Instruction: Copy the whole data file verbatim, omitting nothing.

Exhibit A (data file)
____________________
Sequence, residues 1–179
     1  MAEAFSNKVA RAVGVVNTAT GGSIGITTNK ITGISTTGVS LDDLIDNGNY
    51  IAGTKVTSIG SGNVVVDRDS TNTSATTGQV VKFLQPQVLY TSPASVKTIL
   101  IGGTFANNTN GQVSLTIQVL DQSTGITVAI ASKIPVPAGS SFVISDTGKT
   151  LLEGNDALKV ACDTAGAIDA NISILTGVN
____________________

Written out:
Sequence, residues 1–179
     1  MAEAFSNKVA RAVGVVNTAT GGSIGITTNK ITGISTTGVS LDDLIDNGNY
    51  IAGTKVTSIG SGNVVVDRDS TNTSATTGQV VKFLQPQVLY TSPASVKTIL
   101  IGGTFANNTN GQVSLTIQVL DQSTGITVAI ASKIPVPAGS SFVISDTGKT
   151  LLEGNDALKV ACDTAGAIDA NISILTGVN